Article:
Discuss as:

Thousands march in protest to Florida hearing on Trayvon Martin slaying

George Zimmerman's defenders say there was a life-and-death struggle the night Zimmerman fatally shot 17-year-old Trayvon Martin while patrolling his gated Florida community, and a published report confirmed by police says Zimmerman told investigators he was returning to his vehicle when Martin struck him from behind. NBC's Ron Allen reports.

Updated at 9:47 p.m. ET: Thousands of people streamed through the streets of Sanford, Fla., on Monday to demand that authorities prosecute the man who shot and killed 17-year-old Trayvon Martin one month ago.

The protesters were on their way to a special meeting of the City Commission at the town's Civic Center that began at 5 p.m. ET, where members were to hold a hearing on the killing of Martin, who was unarmed, by George Zimmerman, 28, a self-described neighborhood watch volunteer.

The shooting of Martin, who was black, by Zimmerman, who is Hispanic, has led to similar rallies across the country. Martin's family has made multiple media appearances pushing for Zimmerman's arrest.

Tracy Martin, the young man's father, addressed the hearing Monday, accusing police of trying to "sweep another dead black male under the rug."


To loud cheers and applause, Tracy Martin said Zimmerman "needs to be arrested. He needs to be put on trial. He needs to be given a sentence by a jury of his peers."

Sybrina Fulton, Martin's mother, said her heart was broken.

“I’m not asking for anything," she said. "I know I cannot bring my baby back. But I’m sure going to make changes so that does not happen to another family.”

The speakers included Rev. Al Sharpton, host of MSNBC-TV's "PoliticsNation," Rev. Jesse Jackson, Rep. Corrine Brown, Rep. Sheila Jackson Lee and Marc Morial, president of the National Urban League.

Rep. Jackson Lee gave a legal case for the city or for the state of Florida to arrest George Zimmerman. Rev. Sharpton fierily demanded an arrest, while Rev. Jackson drew parallels between Martin’s death and that of Emmett Till, a 14-year-old black teen who was beaten and murdered in Mississippi in 1955.

As thousands of people gathered in Sanford, Fla., demanding justice for Trayvon Martin, his parents maintained he was trying to get away from George Zimmerman, despite claims that Zimmerman was acting in self-defense. NBC's Ron Allen reports.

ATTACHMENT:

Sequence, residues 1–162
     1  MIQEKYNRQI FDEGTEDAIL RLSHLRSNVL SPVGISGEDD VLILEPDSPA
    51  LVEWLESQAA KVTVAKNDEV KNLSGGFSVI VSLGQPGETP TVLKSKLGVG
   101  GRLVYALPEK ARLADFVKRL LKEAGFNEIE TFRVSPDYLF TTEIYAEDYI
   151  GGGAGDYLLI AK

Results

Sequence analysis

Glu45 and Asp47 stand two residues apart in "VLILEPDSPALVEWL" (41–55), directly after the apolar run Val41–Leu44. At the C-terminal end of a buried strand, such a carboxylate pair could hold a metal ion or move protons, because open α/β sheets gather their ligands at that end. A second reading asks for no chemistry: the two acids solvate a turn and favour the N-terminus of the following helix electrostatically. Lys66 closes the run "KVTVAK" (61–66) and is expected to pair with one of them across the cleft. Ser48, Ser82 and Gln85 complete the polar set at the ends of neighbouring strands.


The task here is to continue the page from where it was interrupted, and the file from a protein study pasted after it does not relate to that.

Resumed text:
Ben Crump, the attorney for Martin’s parents asked, “Who made the decision for whatever reason to not do a background check on George Zimmerman who had just shot and killed Trayvon Benjamin Martin? But yet saw fit to do a background check on this dead child on the ground.

Crump continued: “Number two, who was the officer who made the determination not to do a drug and alcohol analysis on George Zimmerman who had just shot an unarmed teenager with a bag of Skittles but yet found it appropriate to order drug alcohol analysis of Sabryna and Tracy’s son?”

Tracy Martin said he was anguished at "the slander of my son," referring to leaked details of Zimmerman's account of the shooting to police, which suggested that Trayvon Martin initiated the incident, and news reports revealing that the younger Martin had been suspended from his high school for possessing an empty marijuana bag.

"We consider ourselves strong black parents and we take pride in our kids," Tracy Martin said, pounding his fist in the air for emphasis. "We're not asking for an eye for an eye. We're asking for justice, justice, justice!"

Although toxicology tests on Martin's body are pending, a spokesman for his family confirmed to NBC News that Martin was suspended for 10 days from Dr. Michael M. Krop Senior High School in Miami for possession of an empty marijuana baggie.

Trayvon Martin was suspended three times from school

Shooter's account
Zimmerman's account emerged for the first time Monday in a report by The Orlando Sentinel. Quoting unidentified "law enforcement authorities," the Sentinel reported that Zimmerman told police that Trayvon Martin knocked him down with a single punch and slammed his head into the sidewalk several times before the shooting — an account that police said witnesses have corroborated.

EPA/Brian Blanco